International Student Office

Not to be confused with the student centre, this is where international students can go for information and advice regarding their academic or residential status. A team of academic experts here can help with solutions to such problems as difficulties with English or essay writing; they can also offer advice about future courses of study. A lawyer is also available three days a week to help with visa and immigration solutions.

Shopping Information

Every item basic to a student's needs can be found here at the shops on the Hartley campus. There is a stationer's, which sells computer software as well as the usual pens, notebooks, etc., and there is also a mini-market where you will find a wide range of food and drink, as well as cleaning products and basic medical supplies. For other consumer needs, you may need to go into the nearest towns. Thurile has the biggest range of shops, most of them located on the main street. There you will find a supermarket, a boutique, an Asian food store and several good, reasonably priced restaurants. Gundini, too, has a small supermarket, as well as a book store and video store. On Saturday mornings there is a wonderful farmers' market in Gundini, where you can find all sorts of fresh produce from the local farms and gardens.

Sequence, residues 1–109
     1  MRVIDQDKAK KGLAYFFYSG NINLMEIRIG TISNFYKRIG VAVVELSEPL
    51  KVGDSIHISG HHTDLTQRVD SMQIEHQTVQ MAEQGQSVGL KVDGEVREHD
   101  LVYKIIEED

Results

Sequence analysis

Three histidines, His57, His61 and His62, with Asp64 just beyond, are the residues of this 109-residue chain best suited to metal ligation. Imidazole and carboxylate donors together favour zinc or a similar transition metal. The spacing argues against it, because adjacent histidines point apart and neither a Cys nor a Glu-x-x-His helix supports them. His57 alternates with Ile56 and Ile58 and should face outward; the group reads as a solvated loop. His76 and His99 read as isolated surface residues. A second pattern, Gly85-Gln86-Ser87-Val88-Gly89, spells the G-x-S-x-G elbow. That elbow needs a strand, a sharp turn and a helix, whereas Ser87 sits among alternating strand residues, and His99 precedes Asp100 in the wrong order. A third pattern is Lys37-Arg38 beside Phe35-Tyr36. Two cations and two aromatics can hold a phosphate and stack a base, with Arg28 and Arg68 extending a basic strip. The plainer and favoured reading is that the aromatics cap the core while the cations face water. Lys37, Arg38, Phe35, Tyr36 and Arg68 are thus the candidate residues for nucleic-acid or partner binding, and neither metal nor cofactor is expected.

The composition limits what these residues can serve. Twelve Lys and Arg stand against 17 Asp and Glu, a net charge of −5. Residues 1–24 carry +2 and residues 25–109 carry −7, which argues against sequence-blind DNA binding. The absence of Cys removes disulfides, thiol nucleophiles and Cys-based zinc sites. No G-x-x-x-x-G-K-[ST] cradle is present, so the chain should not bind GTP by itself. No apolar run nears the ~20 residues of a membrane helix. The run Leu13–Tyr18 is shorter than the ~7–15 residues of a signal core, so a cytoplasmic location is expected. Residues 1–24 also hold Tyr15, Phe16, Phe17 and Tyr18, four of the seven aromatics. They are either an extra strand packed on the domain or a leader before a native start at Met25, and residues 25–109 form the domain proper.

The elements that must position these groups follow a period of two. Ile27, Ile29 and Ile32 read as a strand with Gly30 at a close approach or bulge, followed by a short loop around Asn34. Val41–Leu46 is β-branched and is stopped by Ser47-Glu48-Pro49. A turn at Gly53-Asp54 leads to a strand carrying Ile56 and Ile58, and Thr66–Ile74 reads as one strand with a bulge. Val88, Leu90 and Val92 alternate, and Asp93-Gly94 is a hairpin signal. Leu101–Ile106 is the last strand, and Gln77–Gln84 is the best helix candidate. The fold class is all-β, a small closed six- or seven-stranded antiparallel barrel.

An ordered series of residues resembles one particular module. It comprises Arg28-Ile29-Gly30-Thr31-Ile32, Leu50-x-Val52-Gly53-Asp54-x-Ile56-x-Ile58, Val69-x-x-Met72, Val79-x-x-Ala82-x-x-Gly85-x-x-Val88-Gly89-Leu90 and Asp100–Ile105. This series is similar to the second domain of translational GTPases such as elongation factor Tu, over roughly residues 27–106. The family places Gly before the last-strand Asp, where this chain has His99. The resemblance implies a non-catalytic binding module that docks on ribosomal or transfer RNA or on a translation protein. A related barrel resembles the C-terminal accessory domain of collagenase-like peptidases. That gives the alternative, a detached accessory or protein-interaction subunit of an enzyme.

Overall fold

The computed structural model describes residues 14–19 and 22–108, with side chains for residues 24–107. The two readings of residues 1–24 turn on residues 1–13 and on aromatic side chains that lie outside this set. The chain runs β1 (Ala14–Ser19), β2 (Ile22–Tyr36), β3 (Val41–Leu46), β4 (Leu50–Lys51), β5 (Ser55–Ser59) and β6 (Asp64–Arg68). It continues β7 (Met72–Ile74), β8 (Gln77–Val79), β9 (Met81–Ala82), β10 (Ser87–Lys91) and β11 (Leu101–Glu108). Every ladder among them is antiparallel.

15 Where should a student go to look for a part-time job opening?

16 Which bus would a student who wants to go to the bookshop take?

17 On which day can locally grown vegetables be purchased?

18 Where should a student go for help renewing a visa?

19 Where can a student who gets sick on a Sunday go for medical help?

20 There is a computer room in the student centre. Where else can students find a computer to use?

21 If you wish to talk to a representative of the Students' Union, to which area should you go?
Now turn to your digital test form and answer questions 15-21.

Questions 22-27

Read the course information for veterinary science below and complete the summary given. Use NO MORE THAN THREE WORDS for each answer.

Course Information and Entry Requirements for Studying Veterinary Science at Northwestern Australia University
Course duration